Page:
And Then There Were Two

In my day there were seven RBOCs. That's right, seven.


That was not so many that you couldn't keep track of them, but just enough that you could make a game out of remembering them. OK, close your eyes and give it a shot.


In case your memory failed you, here's the list:


Bell Atlantic



Pacific Telesis

Southwestern Bell (SBC)


U S West


As I recall, Ameritech was the nice, conservative, Midwestern one. Bell Atlantic and NYNEX were the East Coasters, who were willing to try new things, like attempting to merge with big cablecos and/or staging interactive TV trials. BellSouth was the golden boy, known for its great customer service. Pacific Telesis, like so many of those West Coast types, was comfortable taking the plunge into new things. SBC would rarely return my calls and, when it did, would never tell me anything. And U S West was so spread out over such a weird area that it was often hard to figure out what they were all about, or to care, with all the other Bell action going on.


Of course, Pacific Telesis and Ameritech eventually got swallowed up by SBC, which a few years later made a game-changing move by acquiring AT&T. After expending a reasonable amount of effort to push the SBC name, the company decided instead to keep the widely known and valued AT&T brand, and the name stuck. The new AT&T then went on to buy BellSouth, which many had flirted with up to that point.


Meanwhile, Bell Atlantic bought NYNEX and GTE and then changed its name to Verizon. To match SBC's AT&T move, Verizon also brought MCI into the fold.


And newcomer Qwest merged with U S WEST.


Despite this last merger, however, folks have pretty much been wondering about Qwest ever since.


Although the deal made it larger, the company remained a bit of an odd bird considering its significant financial challenges early on, its size compared to the other remodeled Bells, its far-flung and partially rural footprint, and its lack of both a cellular network and significant telco TV initiative. That said, we've all quietly wondered, what will become of this one?


Today we got our answer, sort of, when CenturyLink announced plans to take the hand of Qwest in a stock deal worth $10.6 billion. The companies' believe the deal, which is expected to close early next year, will generate annual operating and capital synergies of approximately $625 million over a three- to five-year period.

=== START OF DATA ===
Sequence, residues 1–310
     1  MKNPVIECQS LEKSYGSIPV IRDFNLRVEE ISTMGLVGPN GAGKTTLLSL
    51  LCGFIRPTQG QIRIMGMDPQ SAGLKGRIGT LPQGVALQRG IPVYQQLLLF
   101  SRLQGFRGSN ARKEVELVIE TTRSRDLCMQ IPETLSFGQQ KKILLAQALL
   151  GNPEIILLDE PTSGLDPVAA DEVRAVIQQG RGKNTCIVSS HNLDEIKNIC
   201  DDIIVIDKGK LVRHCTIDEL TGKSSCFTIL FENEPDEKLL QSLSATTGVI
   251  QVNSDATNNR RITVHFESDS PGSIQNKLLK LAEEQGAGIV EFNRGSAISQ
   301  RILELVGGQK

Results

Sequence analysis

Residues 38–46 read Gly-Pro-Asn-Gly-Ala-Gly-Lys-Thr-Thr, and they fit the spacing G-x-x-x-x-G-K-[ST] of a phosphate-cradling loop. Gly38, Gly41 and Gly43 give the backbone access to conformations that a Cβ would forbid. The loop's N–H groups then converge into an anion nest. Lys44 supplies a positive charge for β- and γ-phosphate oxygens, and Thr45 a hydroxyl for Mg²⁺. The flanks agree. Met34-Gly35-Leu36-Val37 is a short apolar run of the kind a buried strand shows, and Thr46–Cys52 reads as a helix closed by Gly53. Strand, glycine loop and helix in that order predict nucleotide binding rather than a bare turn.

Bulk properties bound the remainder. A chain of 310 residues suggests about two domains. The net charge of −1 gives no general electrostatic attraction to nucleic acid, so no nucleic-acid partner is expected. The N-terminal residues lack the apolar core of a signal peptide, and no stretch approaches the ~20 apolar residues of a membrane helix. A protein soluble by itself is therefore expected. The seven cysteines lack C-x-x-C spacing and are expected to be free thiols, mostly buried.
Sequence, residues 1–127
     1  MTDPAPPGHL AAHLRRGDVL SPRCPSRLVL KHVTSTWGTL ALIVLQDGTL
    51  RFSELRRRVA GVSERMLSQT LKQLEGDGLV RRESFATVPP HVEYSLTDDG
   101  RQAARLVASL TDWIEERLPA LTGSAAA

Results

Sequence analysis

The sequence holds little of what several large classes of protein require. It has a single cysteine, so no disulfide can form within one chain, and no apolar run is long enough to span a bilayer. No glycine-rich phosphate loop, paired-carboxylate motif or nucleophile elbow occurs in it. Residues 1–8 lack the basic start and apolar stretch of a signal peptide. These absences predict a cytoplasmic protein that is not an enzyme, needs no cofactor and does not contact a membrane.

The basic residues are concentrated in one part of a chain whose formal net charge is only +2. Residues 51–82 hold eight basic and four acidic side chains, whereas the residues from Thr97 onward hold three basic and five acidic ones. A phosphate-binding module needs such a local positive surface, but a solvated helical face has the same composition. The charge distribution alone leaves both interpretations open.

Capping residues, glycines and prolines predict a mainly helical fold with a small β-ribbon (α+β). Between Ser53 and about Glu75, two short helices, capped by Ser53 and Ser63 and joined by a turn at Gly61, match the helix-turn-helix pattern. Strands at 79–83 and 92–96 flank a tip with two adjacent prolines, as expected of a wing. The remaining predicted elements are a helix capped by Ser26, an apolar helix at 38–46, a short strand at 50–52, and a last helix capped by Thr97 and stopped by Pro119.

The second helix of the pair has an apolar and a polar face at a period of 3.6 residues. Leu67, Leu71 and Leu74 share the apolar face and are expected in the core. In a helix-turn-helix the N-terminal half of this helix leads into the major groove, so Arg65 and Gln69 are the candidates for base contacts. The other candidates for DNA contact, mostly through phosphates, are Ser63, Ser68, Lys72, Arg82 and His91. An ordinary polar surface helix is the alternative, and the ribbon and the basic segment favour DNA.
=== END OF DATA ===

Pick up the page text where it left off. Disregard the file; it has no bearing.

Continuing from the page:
Qwest is the nation's third-largest telephone company. CenturyLink is No. 5. As of Dec. 31, 2009, CenturyLink and Qwest served local markets in 37 states with approximately 5 million broadband customers, 17 million access lines, 1,415,000 video subscribers and 850,000 wireless consumers.


"We believe the combination of CenturyLink's and Qwest's employees, assets and service areas will provide us greater scale, scope and expertise and will provide significant benefits for shareholders, customers and our communities," says CenturyLink President and CEO Glen F. Post III, who will remain at the helm of the company following the close of the Qwest deal. "This combination will enhance our ability to deploy innovative IP products and high-bandwidth services to business customers, expand broadband availability and speed to consumers, and offer superior, differentiated video products.


"The combined company's highly recognized national network will significantly expand our ability to deliver strategic and customized product and service solutions to our business, wholesale and government customers throughout the country. In addition, we will still maintain the focus on our local markets through our effective regional operating model and targeted marketing strategies. We believe shareholders will benefit through their investment in a company that has greater financial resources and flexibility, including a more diversified revenue base and an enhanced competitive position."


As TMCnet contributor Gary Kim notes, the merger creates a new independent telco of very-large scale, with 2009 revenues of nearly $20 billion.


"In some ways, the merger also recreates a Sprint-style company with both local telephone assets and a major long-distance network," writes Kim. "Likewise, the merger puts the new CenturyLink into a new market space as a provider of services directly to enterprise and trans-national customers for the first time."


However, some pundits view the deal as a way for CenturyLink to better respond to the cableco threat on the landline voice services side, although that is becoming an area of less and less focus for the telcos due to the long-standing trend of wireline replacement.


While the specific strategy behind this combination is not necessarily clear, perhaps the story is not over. As Kim points out, CenturyLink remains in a good position to make addition purchases.


What ever happened to that nice little company called Sprint?

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This page contains a single entry by Paula Bernier published on April 22, 2010 5:35 PM.

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